I am pretty sure the commenters viewed the videos, but it is also true that most of us outside of the biomed fields lack some context (I am sure I do). For instance, I saw all three videos on YouTube (and a few others I didn’t include) after looking at some unrelated stuff. I was intrigued by the Jon Lorsch talk, although I don’t know how important he or NIGMS are within NIH; for instance — is this attitude endorsed across the NIH, or what? And I don’t know how important iBiology.org is for the community.
Furthermore, while we are all technically STEM, I am pretty sure that the biomedical sciences do not have exactly the same problems or community practices as the physical sciences (or even non-NIH biology). For instance, the giant labs (what Lorsch is discussing), graduate students used as techs, and never-ending postdocs are not routinely an issue in my neck of the woods at all. Instead, MS and PhD graduates are highly employable and most go into industry. I speak for myself, but likely for many readers as well, in that we probably do not appreciate all the ways in which these talks may be important or influential to someone from a biomedical field. Yet, people view/hear them and then respond based on their own experiences, and we don’t all have the same priorities and do not all attribute the same weight to the messages of these videos.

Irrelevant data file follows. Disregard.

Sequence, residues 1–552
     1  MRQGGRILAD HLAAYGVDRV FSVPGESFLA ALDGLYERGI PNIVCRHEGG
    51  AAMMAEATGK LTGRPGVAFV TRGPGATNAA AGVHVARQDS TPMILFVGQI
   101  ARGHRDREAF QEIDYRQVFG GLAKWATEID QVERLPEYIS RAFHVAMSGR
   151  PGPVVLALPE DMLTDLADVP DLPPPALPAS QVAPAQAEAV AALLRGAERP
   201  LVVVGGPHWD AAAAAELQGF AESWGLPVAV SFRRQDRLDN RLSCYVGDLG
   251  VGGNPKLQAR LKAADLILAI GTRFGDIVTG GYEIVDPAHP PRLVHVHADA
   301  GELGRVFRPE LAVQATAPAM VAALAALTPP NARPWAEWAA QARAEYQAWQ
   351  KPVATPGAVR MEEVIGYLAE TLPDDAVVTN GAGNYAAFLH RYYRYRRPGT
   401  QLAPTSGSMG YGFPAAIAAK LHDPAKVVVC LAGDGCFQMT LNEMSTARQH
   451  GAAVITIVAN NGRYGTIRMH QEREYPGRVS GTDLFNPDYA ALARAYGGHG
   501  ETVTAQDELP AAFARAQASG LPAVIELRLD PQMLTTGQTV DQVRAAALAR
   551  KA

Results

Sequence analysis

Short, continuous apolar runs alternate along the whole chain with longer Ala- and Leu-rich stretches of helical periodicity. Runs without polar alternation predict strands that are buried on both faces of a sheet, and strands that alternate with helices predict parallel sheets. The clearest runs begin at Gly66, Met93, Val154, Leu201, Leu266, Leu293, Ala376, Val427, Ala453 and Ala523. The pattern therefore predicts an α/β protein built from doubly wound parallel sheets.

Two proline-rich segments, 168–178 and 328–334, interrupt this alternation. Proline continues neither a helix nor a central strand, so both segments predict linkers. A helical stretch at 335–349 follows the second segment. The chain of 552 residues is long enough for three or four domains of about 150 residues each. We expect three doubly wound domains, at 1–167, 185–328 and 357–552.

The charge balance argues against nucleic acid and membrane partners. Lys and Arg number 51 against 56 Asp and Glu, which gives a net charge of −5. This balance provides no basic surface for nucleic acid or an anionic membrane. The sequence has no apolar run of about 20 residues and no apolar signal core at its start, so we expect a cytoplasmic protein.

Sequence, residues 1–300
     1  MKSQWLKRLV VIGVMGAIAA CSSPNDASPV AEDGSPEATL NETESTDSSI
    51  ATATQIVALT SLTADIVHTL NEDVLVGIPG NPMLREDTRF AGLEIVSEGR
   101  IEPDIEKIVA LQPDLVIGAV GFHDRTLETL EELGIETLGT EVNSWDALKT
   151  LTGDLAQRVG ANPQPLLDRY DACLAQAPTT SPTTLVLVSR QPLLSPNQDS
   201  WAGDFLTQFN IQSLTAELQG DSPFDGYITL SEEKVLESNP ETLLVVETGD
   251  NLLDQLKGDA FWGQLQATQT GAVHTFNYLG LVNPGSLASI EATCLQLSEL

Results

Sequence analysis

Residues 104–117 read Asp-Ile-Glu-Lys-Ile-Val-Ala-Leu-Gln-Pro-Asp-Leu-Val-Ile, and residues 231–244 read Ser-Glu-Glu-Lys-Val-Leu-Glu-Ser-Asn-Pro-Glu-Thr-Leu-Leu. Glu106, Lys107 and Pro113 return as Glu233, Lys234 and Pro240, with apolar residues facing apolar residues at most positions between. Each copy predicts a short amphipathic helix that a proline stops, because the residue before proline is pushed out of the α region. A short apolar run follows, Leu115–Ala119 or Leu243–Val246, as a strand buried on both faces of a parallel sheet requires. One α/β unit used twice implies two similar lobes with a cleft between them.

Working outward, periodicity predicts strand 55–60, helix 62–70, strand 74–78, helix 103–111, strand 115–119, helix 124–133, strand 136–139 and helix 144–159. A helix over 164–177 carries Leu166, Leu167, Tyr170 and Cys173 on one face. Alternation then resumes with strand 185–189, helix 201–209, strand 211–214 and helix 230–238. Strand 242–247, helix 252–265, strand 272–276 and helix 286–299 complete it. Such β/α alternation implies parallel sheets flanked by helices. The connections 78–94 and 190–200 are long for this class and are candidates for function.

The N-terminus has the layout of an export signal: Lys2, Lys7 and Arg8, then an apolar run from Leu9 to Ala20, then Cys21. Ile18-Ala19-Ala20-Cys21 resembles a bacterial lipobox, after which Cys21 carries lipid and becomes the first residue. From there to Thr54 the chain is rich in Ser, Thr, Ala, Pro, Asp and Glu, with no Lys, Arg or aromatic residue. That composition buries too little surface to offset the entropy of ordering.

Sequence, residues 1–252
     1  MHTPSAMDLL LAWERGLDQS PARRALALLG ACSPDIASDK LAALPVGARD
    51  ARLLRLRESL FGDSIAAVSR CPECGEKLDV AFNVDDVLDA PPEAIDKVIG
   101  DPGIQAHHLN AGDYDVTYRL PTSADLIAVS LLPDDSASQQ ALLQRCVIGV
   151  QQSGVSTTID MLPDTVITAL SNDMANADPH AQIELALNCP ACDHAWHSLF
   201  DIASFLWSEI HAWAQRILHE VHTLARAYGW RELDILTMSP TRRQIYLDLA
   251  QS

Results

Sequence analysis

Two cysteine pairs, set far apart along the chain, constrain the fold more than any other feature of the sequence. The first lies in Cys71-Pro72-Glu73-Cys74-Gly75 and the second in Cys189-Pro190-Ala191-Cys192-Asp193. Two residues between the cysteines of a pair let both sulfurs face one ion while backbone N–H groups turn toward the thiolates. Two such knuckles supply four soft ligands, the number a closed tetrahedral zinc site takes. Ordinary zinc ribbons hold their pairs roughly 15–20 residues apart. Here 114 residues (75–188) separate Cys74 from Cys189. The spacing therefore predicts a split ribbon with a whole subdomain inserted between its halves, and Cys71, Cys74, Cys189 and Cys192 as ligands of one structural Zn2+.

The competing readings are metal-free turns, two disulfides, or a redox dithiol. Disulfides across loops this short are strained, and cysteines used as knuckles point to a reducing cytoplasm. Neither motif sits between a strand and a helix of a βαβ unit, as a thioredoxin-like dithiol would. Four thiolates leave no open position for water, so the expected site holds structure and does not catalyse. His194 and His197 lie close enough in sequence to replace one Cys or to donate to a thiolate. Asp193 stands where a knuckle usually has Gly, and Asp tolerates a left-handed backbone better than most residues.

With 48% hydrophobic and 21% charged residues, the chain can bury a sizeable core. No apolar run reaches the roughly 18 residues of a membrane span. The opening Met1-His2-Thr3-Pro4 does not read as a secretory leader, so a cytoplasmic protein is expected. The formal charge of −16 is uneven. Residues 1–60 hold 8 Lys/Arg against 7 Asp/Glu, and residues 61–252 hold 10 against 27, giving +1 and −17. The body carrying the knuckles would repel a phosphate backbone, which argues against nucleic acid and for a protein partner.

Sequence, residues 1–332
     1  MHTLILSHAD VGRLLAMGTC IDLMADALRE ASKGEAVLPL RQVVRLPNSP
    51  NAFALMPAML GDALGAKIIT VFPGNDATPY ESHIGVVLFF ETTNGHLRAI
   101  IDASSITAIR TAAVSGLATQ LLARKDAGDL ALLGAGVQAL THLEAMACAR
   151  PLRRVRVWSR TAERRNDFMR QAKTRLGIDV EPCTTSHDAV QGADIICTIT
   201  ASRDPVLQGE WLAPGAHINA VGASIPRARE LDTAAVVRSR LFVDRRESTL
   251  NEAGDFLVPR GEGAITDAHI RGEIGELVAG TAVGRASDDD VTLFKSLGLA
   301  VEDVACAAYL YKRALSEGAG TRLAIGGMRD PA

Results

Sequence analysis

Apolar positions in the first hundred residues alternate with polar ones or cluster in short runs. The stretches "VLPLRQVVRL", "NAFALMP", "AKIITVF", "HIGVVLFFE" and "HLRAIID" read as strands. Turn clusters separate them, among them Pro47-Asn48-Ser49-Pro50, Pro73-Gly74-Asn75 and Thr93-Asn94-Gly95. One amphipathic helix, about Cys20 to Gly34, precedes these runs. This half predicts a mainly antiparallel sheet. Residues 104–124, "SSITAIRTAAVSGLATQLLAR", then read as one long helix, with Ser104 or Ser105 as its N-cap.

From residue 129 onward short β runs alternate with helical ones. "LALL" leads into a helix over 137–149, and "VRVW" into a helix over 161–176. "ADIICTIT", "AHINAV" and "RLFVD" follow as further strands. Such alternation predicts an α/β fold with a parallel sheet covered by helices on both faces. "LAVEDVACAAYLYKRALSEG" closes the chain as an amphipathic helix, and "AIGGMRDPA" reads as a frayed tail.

I wish there were a physics equivalent of iBiology, although I guarantee that would be even worse in terms of gender.
FWIW, I have seen a lot of the iBiology videos — they were very helpful to me as an intro to some topics in biology. These 3 are not their finest samples, IMHO. I have problems with some of what Lorsch is saying — he may have data but his metrics are questionable. Of course junior faculty are going to lick that stuff right up!
Thanks for the response–I now have a better picture of where you are coming from. Jon Lorsch is the Director (read boss) of NIGMS, the NIH institute that supports virtually all of the basic science funded by NIH. In other words, he is very important to people like me. He is trying to make a major change in funding, in which we’d see more labs funded–that means less money per lab. His new MIRA experiment, a potential replacement for the R01, is a major sea change, if it happens as he envisions it. He also has other NIH Institutes listening.
Most of us don’t run giant labs or have trainees in the situations he is discussing. The problem is, big labs that do have these practices get a large fraction of the dollars. It’s putting the middle generation (Associate Professors struggling to get a first R01 renewal) out of business. I worry a lot for the future of my field (I am senior, and somewhat shielded from this).
I’d also give a big shout out to iBiology. Ron Vale, who founded it, is a role model of mine–a super scientist who still has time to be President of my professional society (ASCB), advocate for scientists from India, and create an organization devoted to creating access to seminars from the best scientists in the world to anyone with an internet connection. iBiology is now branching out into creating innovative educational material. Ron’s team includes some very talented young scientists who have chosen this as a new career. For biologists, its a great resource.
I thought the answer to “what these videos all have in common” was “Dudes With Giant Foreheads And Receding Hairlines”.